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Proceedings Paper

Automatic cortical thickness analysis on rodent brain
Author(s): Joohwi Lee; Cindy Ehlers; Fulton Crews; Marc Niethammer; Francois Budin; Beatriz Paniagua; Kathy Sulik; Josephine Johns; Martin Styner; Ipek Oguz
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Paper Abstract

Localized difference in the cortex is one of the most useful morphometric traits in human and animal brain studies. There are many tools and methods already developed to automatically measure and analyze cortical thickness for the human brain. However, these tools cannot be directly applied to rodent brains due to the different scales; even adult rodent brains are 50 to 100 times smaller than humans. This paper describes an algorithm for automatically measuring the cortical thickness of mouse and rat brains. The algorithm consists of three steps: segmentation, thickness measurement, and statistical analysis among experimental groups. The segmentation step provides the neocortex separation from other brain structures and thus is a preprocessing step for the thickness measurement. In the thickness measurement step, the thickness is computed by solving a Laplacian PDE and a transport equation. The Laplacian PDE first creates streamlines as an analogy of cortical columns; the transport equation computes the length of the streamlines. The result is stored as a thickness map over the neocortex surface. For the statistical analysis, it is important to sample thickness at corresponding points. This is achieved by the particle correspondence algorithm which minimizes entropy between dynamically moving sample points called particles. Since the computational cost of the correspondence algorithm may limit the number of corresponding points, we use thin-plate spline based interpolation to increase the number of corresponding sample points. As a driving application, we measured the thickness difference to assess the effects of adolescent intermittent ethanol exposure that persist into adulthood and performed t-test between the control and exposed rat groups. We found significantly differing regions in both hemispheres.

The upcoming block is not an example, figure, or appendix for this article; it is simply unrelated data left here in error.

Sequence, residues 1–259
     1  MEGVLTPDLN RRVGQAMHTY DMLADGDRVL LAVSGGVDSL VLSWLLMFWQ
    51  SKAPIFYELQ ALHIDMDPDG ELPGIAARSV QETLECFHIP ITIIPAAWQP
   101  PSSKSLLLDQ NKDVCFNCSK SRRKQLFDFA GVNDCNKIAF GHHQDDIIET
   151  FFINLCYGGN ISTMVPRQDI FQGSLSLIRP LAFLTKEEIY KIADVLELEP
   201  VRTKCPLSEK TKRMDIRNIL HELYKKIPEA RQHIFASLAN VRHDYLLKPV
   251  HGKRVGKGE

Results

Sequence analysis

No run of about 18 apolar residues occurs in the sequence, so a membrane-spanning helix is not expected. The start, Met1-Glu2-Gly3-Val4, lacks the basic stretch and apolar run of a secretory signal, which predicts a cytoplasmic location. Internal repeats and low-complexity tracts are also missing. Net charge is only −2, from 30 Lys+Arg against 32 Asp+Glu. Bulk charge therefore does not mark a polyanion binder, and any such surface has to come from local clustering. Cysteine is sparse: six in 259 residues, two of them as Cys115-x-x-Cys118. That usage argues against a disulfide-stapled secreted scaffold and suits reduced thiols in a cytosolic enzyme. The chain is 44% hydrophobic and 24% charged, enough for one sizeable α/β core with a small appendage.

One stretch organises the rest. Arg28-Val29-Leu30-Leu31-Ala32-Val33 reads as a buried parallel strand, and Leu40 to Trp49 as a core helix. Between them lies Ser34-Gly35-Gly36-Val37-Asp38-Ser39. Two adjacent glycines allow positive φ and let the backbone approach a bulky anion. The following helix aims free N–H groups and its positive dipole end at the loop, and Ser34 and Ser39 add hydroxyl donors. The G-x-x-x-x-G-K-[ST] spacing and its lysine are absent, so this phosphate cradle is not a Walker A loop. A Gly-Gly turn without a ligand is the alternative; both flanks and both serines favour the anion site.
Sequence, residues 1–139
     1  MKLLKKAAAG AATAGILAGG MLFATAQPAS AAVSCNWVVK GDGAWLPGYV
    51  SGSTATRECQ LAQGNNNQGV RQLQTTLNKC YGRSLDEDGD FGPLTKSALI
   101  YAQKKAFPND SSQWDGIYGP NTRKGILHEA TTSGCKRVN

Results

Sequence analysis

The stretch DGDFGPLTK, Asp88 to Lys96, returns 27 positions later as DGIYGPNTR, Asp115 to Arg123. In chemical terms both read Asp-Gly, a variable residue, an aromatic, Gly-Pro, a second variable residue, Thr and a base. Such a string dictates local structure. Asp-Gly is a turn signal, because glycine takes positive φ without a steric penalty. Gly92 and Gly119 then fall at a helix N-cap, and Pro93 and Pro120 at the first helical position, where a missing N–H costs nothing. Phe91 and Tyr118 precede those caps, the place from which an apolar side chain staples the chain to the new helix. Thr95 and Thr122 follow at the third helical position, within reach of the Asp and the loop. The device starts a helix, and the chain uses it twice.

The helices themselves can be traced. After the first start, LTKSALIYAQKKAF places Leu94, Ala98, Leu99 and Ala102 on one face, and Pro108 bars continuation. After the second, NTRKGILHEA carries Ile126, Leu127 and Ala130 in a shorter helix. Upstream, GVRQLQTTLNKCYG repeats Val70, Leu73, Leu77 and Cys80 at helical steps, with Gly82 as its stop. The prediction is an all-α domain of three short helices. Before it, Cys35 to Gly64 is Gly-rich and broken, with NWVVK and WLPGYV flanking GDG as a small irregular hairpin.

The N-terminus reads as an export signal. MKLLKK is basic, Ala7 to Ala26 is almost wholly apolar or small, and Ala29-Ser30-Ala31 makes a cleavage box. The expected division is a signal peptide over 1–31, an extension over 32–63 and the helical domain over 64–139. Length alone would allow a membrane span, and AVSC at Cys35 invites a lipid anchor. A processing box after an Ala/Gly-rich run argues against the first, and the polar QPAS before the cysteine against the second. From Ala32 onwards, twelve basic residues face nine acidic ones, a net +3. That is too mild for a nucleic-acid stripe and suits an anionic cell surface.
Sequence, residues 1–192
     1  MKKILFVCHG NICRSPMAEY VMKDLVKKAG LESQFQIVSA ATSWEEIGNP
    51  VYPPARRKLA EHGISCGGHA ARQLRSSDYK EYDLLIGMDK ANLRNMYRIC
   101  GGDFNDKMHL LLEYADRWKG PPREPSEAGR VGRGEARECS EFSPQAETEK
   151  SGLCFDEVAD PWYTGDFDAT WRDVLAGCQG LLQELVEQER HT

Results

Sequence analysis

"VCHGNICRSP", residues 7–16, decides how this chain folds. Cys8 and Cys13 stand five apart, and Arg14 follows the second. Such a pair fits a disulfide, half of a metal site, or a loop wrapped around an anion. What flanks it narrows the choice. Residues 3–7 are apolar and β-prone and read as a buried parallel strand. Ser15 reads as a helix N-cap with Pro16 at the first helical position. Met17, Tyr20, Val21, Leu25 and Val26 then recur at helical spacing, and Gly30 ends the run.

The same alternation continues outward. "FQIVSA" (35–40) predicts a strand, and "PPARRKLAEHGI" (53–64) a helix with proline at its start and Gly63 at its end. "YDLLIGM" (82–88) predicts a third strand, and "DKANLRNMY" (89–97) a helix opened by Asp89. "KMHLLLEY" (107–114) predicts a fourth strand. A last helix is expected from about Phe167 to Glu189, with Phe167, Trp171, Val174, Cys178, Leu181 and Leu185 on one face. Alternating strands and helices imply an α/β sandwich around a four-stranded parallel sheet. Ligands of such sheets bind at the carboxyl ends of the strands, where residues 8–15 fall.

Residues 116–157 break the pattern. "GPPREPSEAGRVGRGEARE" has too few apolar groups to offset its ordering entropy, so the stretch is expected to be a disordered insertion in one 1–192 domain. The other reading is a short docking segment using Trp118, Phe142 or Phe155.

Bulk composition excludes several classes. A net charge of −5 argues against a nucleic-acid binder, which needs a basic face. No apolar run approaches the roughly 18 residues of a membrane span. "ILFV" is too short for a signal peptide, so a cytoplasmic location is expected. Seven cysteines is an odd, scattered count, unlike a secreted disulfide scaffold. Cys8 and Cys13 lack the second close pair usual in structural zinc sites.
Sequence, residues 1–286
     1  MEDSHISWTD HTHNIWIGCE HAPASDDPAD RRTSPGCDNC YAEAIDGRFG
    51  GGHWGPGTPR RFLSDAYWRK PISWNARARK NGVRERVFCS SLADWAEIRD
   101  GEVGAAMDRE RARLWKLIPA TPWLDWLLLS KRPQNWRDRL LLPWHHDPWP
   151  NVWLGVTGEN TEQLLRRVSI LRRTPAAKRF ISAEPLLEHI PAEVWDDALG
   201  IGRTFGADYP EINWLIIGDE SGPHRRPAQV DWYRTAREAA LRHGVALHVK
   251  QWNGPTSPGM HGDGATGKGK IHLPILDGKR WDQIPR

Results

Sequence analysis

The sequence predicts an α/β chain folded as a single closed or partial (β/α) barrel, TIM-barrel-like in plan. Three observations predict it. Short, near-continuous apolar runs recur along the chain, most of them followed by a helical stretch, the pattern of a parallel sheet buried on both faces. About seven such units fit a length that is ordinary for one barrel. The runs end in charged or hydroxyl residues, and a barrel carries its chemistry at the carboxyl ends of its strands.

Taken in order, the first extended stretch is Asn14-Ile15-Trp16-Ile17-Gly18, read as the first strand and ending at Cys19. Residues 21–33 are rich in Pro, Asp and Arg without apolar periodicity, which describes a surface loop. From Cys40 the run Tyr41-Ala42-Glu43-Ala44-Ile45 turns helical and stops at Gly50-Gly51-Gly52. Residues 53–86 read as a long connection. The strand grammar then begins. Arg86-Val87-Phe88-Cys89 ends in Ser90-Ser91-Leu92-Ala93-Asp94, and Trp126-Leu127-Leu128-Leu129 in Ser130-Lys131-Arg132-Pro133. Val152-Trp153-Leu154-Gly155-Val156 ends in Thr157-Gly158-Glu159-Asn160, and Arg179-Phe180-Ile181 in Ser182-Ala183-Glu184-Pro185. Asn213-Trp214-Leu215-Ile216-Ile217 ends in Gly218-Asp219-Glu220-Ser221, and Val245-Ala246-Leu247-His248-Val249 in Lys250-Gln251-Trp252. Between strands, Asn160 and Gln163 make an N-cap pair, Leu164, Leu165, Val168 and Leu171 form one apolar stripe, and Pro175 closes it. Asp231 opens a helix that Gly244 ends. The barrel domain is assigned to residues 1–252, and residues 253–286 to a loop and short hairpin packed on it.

Paper Details

Date Published: 15 March 2011
PDF: 11 pages
Proc. SPIE 7962, Medical Imaging 2011: Image Processing, 796248 (15 March 2011); doi: 10.1117/12.878305
Show Author Affiliations
Joohwi Lee, The Univ. of North Carolina at Chapel Hill (United States)
Cindy Ehlers, Scripps Research Institute (United States)
Fulton Crews, The Univ. of North Carolina at Chapel Hill (United States)
Marc Niethammer, The Univ. of North Carolina at Chapel Hill (United States)
Francois Budin, The Univ. of North Carolina at Chapel Hill (United States)
Beatriz Paniagua, The Univ. of North Carolina at Chapel Hill (United States)
Kathy Sulik, The Univ. of North Carolina at Chapel Hill (United States)
Josephine Johns, The Univ. of North Carolina at Chapel Hill (United States)
Martin Styner, The Univ. of North Carolina at Chapel Hill (United States)
Ipek Oguz, The Univ. of North Carolina at Chapel Hill (United States)


Published in SPIE Proceedings Vol. 7962:
Medical Imaging 2011: Image Processing
Benoit M. Dawant; David R. Haynor, Editor(s)

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